The penultimate stop on the Mekong Delta tour was at a rice husking factory. As a proponent of whole-grains and fiber, I must admit that I was saddened by this whole affair. We saw a huge machine that essentially stripped the nutrients from the rice—how depressing.

Before busing back to Saigon, the tour stopped at a restaurant in Can Tho for lunch. The prices were high and the portions were small. Double whammy. Time constraints made it impossible to ditch the group during this meal. The Astronomer ordered the beef and fries, while I had some frog!

Beef and fries with baguette (30,000 VND)

Frog sauteed with onions, glass noodles, and mushrooms (30,000 VND)

This was my first encounter with frog, which I thought tasted like a cross between chicken and fish. Ribbit! My mom says that I should eat a lot of frog in Vietnam because American frozen frog just isn’t as good. Yes, ma’am.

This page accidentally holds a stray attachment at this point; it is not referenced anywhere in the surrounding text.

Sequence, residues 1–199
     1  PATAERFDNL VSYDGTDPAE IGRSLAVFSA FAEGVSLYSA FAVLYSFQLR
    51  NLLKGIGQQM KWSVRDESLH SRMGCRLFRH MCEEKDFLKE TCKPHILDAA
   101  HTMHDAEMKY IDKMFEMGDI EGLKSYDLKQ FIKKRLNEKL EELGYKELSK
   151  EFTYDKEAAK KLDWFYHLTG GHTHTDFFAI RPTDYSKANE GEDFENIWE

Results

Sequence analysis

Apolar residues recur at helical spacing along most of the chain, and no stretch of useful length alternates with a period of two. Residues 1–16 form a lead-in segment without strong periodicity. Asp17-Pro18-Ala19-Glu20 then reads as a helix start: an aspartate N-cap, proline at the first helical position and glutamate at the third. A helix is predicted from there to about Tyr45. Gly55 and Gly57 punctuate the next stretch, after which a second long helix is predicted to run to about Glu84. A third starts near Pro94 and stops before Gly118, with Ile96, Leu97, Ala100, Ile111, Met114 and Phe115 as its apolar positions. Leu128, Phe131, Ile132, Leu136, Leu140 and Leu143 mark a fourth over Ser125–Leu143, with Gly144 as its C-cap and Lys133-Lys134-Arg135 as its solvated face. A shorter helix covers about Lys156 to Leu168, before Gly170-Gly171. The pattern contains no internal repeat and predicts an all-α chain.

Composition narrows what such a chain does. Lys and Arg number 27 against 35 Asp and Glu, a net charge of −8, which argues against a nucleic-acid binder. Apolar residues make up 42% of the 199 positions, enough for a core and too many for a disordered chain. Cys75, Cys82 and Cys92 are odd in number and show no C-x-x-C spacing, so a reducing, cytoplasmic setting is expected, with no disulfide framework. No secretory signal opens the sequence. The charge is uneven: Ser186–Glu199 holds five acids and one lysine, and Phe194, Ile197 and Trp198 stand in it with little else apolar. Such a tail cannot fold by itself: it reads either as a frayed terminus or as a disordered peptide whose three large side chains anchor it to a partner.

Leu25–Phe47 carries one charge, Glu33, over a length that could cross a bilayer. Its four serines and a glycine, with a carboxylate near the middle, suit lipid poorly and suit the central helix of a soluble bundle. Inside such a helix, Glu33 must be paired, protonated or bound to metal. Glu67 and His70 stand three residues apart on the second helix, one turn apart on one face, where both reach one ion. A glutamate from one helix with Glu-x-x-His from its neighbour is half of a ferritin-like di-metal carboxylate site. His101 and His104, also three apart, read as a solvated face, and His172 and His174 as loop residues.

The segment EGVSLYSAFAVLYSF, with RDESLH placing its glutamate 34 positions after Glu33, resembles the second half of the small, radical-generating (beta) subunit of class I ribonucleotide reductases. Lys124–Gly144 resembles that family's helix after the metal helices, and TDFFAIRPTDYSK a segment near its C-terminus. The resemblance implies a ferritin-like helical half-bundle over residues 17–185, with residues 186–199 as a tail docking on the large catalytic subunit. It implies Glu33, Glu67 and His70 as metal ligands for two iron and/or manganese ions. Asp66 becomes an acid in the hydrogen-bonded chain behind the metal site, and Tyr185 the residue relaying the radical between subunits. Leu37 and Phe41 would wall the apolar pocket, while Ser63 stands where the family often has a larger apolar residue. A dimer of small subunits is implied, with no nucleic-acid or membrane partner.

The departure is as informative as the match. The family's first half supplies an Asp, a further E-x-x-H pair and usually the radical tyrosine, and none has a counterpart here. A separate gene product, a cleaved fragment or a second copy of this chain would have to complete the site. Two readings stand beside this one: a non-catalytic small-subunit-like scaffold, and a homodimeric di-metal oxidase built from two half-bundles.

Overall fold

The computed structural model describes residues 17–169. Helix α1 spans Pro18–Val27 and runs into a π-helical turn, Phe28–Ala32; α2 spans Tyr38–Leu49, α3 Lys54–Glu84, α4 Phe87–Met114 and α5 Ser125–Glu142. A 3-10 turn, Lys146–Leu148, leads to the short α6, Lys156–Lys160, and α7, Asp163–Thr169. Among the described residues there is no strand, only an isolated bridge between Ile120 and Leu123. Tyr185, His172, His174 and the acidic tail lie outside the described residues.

Vegetation Profile: Bitter Melon

Momordica charantia is a tropical and subtropical vine of the family Cucurbitaceae, widely grown for edible fruit, which is among the most bitter of all vegetables. English names for the plant and its fruit include bitter melon or bitter gourd (translated from Chinese: 苦瓜; pinyin: kǔguā), in Jamaica it is generally known as cerasse. The original home of the species is not known, other than that it is a native of the tropics. It is widely grown in South and Southeast Asia, China, Africa, and the Caribbean.

The fruit has a distinct warty looking exterior and an oblong shape. It is hollow in cross-section, with a relatively thin layer of flesh surrounding a central seed cavity filled with large flat seeds and pith. Bitter melon comes in a variety of shapes and sizes. The typical Chinese phenotype is 20 to 30 cm long, oblong with bluntly tapering ends and pale green in color, with a gently undulating, warty surface.